And what a roof it is: The whole operation is a crazy Willy Wonka factory. If you want to check out a product that's not on display, a salesperson orders it by computer terminal from a vast stockroom in the basement. Moments later, as if by magic, the product arrives at the retail counter, via an elaborate system of conveyor belts and dumbwaiters. You can try out the gear, see if you like it, and, if you do, the salesperson puts it in a green plastic box and places it on another conveyor belt, which runs, above your head, to the pickup counter. There, an employee bags your purchase. Meanwhile, your salesperson gives you a ticket, which you take to a payment counter. After you have paid, you get a different ticket that you take to the pickup counter to get your merchandise.

At first, this all seemed like incredible overkill to me. But then, as I thought about it more, I developed a theory as to why B&H operates this way. With all the expensive electronics and cameras and lenses and laptops floating around the store, the system creates a series of checks and balances -- typically, five employees are involved in every purchase -- in order to reduce shoplifting and employee theft. That it works at all is not the most amazing thing about B&H, however. The most amazing thing is that the prices are so low that I don't even bother to comparison-shop anymore.

No, wait: The most amazing thing is that the salespeople at B&H really know their stuff. When I recently bought a portable digital recorder, the salesperson knew that some gear was not compatible with flash memory cards larger than 2GB and spent a few minutes surfing the Web to make sure that the 8GB card I wanted would work with it.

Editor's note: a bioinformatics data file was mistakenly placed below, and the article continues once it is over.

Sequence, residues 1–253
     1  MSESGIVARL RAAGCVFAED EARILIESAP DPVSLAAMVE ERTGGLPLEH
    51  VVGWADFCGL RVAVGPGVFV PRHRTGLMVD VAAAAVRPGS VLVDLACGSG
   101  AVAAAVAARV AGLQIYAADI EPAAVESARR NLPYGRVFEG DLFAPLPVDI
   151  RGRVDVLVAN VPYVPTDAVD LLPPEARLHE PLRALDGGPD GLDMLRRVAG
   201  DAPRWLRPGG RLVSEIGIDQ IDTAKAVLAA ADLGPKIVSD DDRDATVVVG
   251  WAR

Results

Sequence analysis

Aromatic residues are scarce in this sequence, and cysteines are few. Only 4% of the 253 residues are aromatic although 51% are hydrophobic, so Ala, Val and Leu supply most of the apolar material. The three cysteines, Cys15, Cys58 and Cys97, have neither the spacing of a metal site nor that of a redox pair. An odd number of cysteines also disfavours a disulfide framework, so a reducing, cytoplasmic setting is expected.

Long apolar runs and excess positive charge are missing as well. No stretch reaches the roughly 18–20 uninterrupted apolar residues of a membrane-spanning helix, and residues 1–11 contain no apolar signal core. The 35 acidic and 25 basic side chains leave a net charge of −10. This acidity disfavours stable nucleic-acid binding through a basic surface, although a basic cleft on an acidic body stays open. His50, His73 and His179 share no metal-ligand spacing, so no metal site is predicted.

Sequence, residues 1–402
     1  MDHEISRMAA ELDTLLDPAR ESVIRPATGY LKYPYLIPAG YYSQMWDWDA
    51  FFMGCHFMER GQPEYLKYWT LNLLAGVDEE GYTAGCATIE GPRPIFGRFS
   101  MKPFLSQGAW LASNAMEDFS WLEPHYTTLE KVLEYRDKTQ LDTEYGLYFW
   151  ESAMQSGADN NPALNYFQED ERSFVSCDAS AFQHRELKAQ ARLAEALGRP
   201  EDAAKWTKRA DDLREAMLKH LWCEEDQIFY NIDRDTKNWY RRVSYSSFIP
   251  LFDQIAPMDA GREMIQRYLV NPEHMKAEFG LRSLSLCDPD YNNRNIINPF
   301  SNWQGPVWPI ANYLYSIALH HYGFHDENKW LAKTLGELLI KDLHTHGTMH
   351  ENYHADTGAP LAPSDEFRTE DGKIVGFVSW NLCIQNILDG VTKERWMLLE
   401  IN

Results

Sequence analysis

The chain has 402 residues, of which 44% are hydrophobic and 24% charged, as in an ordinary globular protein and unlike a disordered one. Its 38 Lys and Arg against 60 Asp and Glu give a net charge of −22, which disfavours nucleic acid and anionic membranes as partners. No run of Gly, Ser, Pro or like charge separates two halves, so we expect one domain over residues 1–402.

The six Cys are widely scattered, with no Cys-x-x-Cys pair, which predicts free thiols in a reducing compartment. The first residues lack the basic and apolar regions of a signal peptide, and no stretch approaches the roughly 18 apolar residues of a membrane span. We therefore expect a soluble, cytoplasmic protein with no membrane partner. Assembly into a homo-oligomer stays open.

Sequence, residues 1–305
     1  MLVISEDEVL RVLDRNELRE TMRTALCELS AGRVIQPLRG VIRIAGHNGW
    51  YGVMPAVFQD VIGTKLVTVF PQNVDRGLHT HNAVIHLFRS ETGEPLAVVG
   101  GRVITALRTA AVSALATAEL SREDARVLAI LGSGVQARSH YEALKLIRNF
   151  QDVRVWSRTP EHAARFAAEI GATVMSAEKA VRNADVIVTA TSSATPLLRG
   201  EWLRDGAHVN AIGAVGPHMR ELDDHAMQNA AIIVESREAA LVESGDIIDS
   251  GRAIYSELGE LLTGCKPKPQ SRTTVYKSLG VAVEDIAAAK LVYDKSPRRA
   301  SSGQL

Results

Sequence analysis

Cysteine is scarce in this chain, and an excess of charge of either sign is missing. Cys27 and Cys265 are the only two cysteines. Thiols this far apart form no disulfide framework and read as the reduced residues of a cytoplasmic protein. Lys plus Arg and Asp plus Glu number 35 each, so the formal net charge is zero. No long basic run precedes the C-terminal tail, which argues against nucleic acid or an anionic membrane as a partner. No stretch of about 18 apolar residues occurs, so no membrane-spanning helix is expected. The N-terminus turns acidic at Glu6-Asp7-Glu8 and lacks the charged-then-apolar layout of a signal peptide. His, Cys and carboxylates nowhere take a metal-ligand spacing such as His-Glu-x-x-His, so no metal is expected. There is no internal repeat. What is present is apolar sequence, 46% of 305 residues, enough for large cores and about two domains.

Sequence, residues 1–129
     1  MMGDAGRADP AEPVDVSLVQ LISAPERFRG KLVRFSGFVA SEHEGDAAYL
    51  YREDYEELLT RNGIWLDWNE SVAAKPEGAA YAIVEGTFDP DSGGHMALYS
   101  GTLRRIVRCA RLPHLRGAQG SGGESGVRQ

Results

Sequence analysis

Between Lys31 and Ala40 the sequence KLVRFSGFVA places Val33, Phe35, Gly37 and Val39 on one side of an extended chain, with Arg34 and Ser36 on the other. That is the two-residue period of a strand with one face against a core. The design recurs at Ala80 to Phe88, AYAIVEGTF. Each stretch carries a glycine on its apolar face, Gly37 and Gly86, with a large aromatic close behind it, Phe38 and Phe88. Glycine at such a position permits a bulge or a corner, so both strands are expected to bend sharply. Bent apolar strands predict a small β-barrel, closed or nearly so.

No, wait: The most amazing thing is that I have often gone into B&H to purchase a specific product, only to be talked into something cheaper. For example, once I went in to buy a field video monitor to use for some interviews I was conducting. I expected to pay $600 until the salesperson said, "Why don't you just get one of these cheap consumer portable DVD players? They have video inputs, they work just as well, and they're under $100." This was no accident. "The entire premise of our store is based upon your ability to come in, touch, feel, experiment, ask, and discuss your needs without sales pressure," B&H's website says.

But wait: The conveyer belts, the prices, the smart salespeople, the fact that they recommend cheaper products almost as a rule -- none of these is actually the most amazing thing about B&H. Really, the most amazing thing is that because the owners of B&H are Orthodox Jews -- Hasidim, in fact -- the store closes every Friday afternoon for the Jewish Sabbath, and on Jewish holidays. Moreover, B&H's website, which reportedly accounts for 70 percent of sales, shuts down, too. Bhphotovideo.com is, to my knowledge, the only major online retailer that closes for 25 hours every weekend.

Even as competitors like Circuit City go bust, B&H remains packed with loyal customers. And that makes me very happy. For a business owner, there's nothing more satisfying than watching honest dealers expand their operations while the schmucks, with their going-out-of-business markups, go down the drain. It's inspiring to know that starting with the premise of treating your customers well really does pay off.

Joel Spolsky is the co-founder and CEO of Fog Creek Software and the host of the popular blog Joel on Software.